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Wason selection task

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Named in honour of Peter Cathcart Wason, who first described the task,[1][2] The Wason selection task (aka Four-card problem) is a logical puzzle which is formally equivalent to the following question:

You are shown a set of four cards placed on a table each of which has a number on one side and a coloured patch on the other side. The visible faces of the cards show 3, 8, red and brown. Which cards should you turn over in order to test the truth of the proposition that if a card shows an even number, then its opposite face shows a primary colour?

A response which identifies a card which need not be inverted, or a response which fails to identify a card which needs to be inverted are both incorrect.


The correct response is that the cards showing 8 and brown must be inverted, but no other card. Remember how the question was stated: "If the card shows an even number, Then its opposite face shows a primary colour." If we turn over the card labelled "3" and find that it is red, this does not invalidate the rule. Likewise, if we turn over the red card and find that it has the label "3", this also does not make the rule false. On the other hand, if the brown card has the label "4", this invalidates the rule: It has an even number, and does not have a primary colour.

Experiments have shown that, presented with a Wason task as an uncontextualised logic puzzle, people perform very poorly. Furthermore, even of those who respond correctly, some obtain the correct result by conscious application of the contrapositive rule. By contrast, some (though not all) Wason tasks prove much easier when they are presented in a context of social relations.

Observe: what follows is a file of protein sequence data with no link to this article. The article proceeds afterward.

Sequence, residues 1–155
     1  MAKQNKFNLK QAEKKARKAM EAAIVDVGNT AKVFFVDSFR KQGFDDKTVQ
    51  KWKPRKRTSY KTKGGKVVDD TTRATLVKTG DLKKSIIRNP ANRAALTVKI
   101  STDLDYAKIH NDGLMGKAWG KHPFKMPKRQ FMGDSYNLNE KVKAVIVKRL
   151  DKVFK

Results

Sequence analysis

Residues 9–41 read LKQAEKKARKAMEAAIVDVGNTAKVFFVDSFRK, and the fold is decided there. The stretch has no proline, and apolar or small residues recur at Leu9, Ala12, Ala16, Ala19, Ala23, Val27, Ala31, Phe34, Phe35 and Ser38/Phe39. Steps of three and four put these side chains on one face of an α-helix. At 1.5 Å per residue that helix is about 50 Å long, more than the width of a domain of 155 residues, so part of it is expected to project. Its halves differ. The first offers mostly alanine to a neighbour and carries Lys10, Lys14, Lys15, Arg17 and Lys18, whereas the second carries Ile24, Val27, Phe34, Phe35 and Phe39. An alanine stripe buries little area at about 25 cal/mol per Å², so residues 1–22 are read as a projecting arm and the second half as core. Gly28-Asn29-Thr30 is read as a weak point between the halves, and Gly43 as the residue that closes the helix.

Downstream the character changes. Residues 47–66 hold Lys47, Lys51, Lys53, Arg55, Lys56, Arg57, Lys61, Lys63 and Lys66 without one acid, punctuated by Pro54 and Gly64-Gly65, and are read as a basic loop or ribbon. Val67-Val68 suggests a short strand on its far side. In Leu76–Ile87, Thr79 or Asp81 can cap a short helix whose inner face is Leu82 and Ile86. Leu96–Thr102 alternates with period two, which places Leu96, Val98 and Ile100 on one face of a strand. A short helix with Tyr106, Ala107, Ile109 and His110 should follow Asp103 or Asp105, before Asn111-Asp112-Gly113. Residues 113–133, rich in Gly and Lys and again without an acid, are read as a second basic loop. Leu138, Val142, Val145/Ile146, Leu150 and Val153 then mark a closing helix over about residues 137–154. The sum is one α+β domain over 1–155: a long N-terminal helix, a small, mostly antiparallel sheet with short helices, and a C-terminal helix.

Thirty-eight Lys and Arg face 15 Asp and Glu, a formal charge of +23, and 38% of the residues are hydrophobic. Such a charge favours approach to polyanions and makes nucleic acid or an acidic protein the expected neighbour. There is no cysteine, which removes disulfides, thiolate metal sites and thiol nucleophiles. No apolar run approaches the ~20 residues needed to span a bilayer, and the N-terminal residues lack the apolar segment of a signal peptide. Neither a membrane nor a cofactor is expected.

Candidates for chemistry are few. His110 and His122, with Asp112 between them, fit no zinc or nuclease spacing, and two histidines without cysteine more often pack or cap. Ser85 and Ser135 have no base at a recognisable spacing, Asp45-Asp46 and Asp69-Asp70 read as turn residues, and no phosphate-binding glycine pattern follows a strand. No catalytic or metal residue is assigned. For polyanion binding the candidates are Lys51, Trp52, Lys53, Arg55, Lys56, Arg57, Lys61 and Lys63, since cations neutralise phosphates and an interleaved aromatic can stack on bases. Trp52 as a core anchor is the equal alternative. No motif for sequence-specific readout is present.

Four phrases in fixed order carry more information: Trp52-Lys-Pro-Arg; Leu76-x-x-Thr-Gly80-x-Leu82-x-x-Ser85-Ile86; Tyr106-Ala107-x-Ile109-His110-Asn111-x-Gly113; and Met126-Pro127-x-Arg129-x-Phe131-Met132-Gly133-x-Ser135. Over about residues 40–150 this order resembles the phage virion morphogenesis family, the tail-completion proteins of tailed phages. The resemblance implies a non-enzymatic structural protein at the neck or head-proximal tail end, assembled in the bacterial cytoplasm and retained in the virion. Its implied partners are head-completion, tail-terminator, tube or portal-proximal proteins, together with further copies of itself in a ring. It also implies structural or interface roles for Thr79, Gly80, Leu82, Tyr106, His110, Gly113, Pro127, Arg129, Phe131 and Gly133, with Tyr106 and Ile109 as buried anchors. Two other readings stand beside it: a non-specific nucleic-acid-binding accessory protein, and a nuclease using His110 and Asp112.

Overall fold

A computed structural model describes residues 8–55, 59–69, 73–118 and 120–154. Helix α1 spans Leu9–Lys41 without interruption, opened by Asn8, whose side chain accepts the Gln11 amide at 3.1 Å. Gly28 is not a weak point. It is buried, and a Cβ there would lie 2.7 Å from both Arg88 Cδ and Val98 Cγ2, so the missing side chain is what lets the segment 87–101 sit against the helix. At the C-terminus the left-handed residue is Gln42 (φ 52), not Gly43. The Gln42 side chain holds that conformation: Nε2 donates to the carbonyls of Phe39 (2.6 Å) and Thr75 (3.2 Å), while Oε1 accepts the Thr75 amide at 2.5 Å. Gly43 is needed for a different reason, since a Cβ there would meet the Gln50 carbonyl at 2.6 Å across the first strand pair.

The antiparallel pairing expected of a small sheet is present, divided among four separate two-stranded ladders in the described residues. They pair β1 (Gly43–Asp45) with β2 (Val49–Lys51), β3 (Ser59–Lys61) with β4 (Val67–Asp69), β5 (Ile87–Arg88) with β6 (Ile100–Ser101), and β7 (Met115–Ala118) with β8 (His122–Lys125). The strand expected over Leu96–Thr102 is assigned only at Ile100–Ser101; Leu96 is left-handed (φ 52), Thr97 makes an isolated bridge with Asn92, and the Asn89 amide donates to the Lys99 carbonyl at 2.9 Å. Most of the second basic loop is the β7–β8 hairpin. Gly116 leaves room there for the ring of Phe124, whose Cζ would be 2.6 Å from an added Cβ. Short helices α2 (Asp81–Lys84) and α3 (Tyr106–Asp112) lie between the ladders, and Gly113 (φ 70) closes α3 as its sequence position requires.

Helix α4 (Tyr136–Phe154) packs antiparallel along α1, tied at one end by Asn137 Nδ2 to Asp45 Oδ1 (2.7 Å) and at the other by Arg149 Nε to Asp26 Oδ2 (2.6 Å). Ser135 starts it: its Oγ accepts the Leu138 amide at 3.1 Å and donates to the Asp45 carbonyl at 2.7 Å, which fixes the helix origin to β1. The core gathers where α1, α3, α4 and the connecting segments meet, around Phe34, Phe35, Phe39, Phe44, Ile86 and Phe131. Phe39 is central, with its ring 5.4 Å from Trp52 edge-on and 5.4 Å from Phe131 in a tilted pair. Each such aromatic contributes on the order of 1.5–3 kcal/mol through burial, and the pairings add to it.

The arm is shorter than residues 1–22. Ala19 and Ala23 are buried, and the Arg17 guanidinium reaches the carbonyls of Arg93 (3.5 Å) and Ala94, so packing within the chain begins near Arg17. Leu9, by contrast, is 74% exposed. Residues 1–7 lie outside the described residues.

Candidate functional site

Adherents of evolutionary psychology have argued that a simple rule distinguishes Wason tasks which people find easy from those that they find difficult. The suggested rule is that a Wason task proves to be easy if the rule to be tested is one of social exchange (in order to receive benefit X you fulfill condition Y) and the subject is asked to police the rule, but is difficult otherwise. If this classification is accepted, then it supports the contention of evolutionary psychologists that certain features of human psychology may be mechanisms that have evolved, through natural selection, to solve specific problems of social interaction, rather than expressions of general intelligence.

References & Bibliography

Key texts


  1. ^  Wason, P. C. (1966). Reasoning. In B. M. Foss (Ed.), New horizons in psychology. Harmondsworth: Penguin.


  1. ^  Wason, P. C. and Shapiro, D. (1971) Natural and contrived experience in a reasoning problem. Quarterly Journal of Experimental Psychology, 23: 63-71.

Additional material



  • Cosmides, L. (1989). The logic of social exchange: Has natural selection shaped how humans reason? Studies with the Wason selection task. Cognition, 31, 187-276. Full text
  • Fiddick, L., Cosmides, L., & Tooby, J. (2000). No interpretation without representation: The role of domain-specific representations and inferences in the Wason selection task. Cognition, 77, 1-79. [3]
  • Fiddick, L. & Cummins, D.D. (2001). Reciprocity in Ranked Relationships: Does Social Structure Influence Social Reasoning? Journal of Bioeconomics, 3:149-170. Full text
  • Goel, V., Shuren, J., Sheesley, L., & Grafman, J. (2004). Asymmetrical involvement of frontal lobes in social reasoning. Brain, Vol. 127, No. 4, 783-790. Full text
  • Stenning, K. & Lambalgen, M. (2002). The natural history of hypotheses about the selection task: towards a philosophy of science. In (Eds.) Manktelow, K. & Chung, M., Psychology of reasoning; historical and theoretical perspectives. Psychology Press. Full text

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